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Ex-Baidu Scientist Blazes AI Shortcut

Native support for 3D tensor operation
8/31/2017 05:31 PM EDT
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dromdrom
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Brake
dromdrom   9/4/2017 4:30:00 AM
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"We can imagine when an autonomous car drives at 65 mph and needs to break at once"

I hope the car needs to brake and not break at once.

pkorolov
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One core is sometimes better than two
pkorolov   9/3/2017 4:23:50 AM
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Clearly an accelerator can improve performance compared to a general-purpose imaging DSP. However, two cores significantly increase overhead since there is now the requirement of two working memories and a shared memory to pass data back and forth. A second core, even if it is very specialized still needs most of the logic of a general CPU architecture such as instruction fetch, decode, data load/store, etc.

Why not just add the CNN capabilities to the imaging DSP? You eliminate all the extra data movement, all the extra memories, and all the extra logic due to having two cores instead of one. 

This is what Cadence has done with their Vision C5 DSP. It is still a general-purpose imaging DSP with specialized CNN instructions added. It can sustain 1024 MACs/cycle along with 1024 bits/cycle local memory transfer, move data to and from system memory, and perform several additional ALU or coefficient decompression operations. All of this in an area that is less than 1mm^2 in TSMC 16nm FFC process.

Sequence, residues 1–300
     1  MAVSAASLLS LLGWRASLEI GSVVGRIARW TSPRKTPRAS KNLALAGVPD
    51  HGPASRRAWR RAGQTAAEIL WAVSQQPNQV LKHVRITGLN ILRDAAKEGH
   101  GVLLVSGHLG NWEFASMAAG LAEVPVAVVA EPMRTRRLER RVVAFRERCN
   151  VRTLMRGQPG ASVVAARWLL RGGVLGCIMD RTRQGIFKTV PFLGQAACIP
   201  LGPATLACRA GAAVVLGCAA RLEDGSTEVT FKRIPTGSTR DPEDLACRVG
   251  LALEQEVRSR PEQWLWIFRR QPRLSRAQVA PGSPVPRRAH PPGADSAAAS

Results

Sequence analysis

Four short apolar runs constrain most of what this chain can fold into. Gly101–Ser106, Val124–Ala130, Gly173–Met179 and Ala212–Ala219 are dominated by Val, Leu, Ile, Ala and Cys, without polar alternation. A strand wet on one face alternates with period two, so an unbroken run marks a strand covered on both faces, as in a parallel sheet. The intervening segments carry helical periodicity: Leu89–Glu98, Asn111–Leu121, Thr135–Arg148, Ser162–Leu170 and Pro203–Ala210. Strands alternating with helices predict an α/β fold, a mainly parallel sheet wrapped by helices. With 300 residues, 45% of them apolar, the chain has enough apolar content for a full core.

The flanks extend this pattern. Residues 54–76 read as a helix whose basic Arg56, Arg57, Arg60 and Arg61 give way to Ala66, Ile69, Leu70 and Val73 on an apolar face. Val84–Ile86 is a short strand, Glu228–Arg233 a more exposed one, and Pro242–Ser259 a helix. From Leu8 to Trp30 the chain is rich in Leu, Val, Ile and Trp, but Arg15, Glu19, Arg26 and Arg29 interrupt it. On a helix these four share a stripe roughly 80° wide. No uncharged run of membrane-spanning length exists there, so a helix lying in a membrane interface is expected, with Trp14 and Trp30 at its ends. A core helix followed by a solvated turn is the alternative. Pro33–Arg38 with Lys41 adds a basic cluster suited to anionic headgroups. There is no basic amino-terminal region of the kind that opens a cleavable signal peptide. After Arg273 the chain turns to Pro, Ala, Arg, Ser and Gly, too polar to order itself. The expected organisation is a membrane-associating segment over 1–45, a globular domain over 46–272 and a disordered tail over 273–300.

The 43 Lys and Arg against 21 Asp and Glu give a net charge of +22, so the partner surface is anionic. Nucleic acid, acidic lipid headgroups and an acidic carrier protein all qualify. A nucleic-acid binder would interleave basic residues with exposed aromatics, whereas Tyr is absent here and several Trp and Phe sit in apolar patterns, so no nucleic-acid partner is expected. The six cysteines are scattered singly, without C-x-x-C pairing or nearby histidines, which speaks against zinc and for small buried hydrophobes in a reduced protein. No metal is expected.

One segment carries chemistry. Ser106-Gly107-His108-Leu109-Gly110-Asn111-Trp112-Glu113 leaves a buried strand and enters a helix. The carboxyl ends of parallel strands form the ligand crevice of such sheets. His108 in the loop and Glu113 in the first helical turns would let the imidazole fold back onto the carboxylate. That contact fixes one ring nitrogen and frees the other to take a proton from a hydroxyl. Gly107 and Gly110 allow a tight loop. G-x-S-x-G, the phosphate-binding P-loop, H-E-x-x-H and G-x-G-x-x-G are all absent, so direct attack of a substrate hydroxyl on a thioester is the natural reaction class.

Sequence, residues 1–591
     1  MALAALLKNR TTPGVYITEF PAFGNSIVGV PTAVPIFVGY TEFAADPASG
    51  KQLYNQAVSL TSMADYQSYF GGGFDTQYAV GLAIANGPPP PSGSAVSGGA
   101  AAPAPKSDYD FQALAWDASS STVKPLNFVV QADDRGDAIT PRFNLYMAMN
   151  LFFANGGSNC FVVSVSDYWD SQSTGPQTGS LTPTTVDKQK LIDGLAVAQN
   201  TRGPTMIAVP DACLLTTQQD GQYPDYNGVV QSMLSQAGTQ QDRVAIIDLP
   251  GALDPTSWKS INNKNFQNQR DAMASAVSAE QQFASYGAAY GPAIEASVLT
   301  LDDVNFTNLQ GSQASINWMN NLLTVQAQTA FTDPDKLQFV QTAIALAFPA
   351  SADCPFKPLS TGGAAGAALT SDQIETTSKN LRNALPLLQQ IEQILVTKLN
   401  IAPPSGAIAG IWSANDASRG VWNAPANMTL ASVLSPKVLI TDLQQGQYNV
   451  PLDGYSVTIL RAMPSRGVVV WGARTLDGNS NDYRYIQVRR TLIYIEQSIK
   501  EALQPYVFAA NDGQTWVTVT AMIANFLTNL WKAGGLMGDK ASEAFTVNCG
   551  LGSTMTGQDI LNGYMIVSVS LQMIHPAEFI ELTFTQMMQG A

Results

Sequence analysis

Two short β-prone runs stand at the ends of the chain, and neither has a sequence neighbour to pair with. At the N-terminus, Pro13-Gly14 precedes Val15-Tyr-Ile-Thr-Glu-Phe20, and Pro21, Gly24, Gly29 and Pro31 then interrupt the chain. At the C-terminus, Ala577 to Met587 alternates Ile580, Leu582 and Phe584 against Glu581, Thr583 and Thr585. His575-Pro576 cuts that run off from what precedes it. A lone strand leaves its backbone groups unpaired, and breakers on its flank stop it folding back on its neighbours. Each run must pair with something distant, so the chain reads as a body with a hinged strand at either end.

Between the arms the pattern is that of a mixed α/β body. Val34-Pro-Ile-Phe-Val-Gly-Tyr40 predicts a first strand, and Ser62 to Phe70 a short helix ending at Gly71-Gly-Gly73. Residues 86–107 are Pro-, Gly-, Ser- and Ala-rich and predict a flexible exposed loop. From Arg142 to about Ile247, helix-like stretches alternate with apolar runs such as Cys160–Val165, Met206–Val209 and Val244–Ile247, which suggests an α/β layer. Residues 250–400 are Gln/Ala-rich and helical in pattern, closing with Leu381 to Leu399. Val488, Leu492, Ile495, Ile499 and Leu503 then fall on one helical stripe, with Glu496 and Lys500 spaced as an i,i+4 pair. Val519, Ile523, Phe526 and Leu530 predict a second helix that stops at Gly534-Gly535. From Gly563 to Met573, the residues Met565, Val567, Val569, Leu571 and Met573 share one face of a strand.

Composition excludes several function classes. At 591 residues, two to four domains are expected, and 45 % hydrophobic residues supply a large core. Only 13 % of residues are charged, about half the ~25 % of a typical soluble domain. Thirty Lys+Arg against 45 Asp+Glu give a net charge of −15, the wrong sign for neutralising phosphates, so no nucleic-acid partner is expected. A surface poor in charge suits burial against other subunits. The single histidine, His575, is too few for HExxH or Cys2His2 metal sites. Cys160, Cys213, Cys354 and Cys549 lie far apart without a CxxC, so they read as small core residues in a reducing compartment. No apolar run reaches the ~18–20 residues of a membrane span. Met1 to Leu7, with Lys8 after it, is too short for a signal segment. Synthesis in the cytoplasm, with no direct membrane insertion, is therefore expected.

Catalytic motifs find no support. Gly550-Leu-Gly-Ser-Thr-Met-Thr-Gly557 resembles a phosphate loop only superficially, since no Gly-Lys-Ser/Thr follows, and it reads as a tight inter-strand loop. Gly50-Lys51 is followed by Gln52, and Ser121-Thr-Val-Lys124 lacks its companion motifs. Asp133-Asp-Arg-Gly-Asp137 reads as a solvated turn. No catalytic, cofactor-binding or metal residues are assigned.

Of course, Cadence is already working on next generation products that will scale to many thousands of MACs/cycle. Using the Tensilica Instruction Extension language, Cadence engineers, or end-users can add instructions or new architectural features in days instead of months required with regular RTL type of design.

Yairs
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Performance effeciencies
Yairs   9/2/2017 1:28:42 PM
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Congrats to Novumind on their interesting design and new path.

The claim that DSP is not efficient for tensor calculations seems correct in the general concept but not in case of CEVA's XM4 and XM6 vision DSPs. Using dedicated mechnisms in the architecture such as sliding window and combining several input channels together, the DSP solution can achieve over 90% MAC utilization on any type of filter. Not just 3x3.

To scalie performance to thousands of multipliers indeed there are advantages to more dedicated hardwired architectures to improve effeciency. CEVA CNN block enables support for  any filter size very efficiently while reducing the power consumption/Area significantly compared to use of DSP only. By combining CNN accelerator with DSPs it is possible to offer support for future neural network layers that are not guaranteed to work efficiently on accelerators which have very fixed functionality.

CEVA's vision and deep learning solution is already licensed and proven by dozens of customers and partners and starting production in several markets including Mobile, surveillance and automotive.

 

 

pkorolov
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NovuMind's architecture is a step backward
pkorolov   9/1/2017 9:00:26 PM
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NovuMind's architecture claims to achieve 75% to 90% efficiency on 3x3 kernels.

That's great, but Tensilica's Vision C5 DSP, available for licensing today, can achieve the same efficiency for any size kernel. But not only that, Tensilica's DSP can handle all the other processing required in neural networks including non-linear activation functions and on the fly coefficient decompression.

In addition, Tensilca's Vision DSPs supports any network in the Caffe or Tensorflow framework, not just the few that use small kernels. Code is generated automatically for any of these networks and will run efficiently even if data is stored in slow DRAM.

I would suggest that Dr. Wu consider licensing Tensilica's core which solves the problems that he's trying to solve without any of the limitations in his approach. And since Tensilica's cores are expandable, any customer can further improve performance or tune them for specific use cases.

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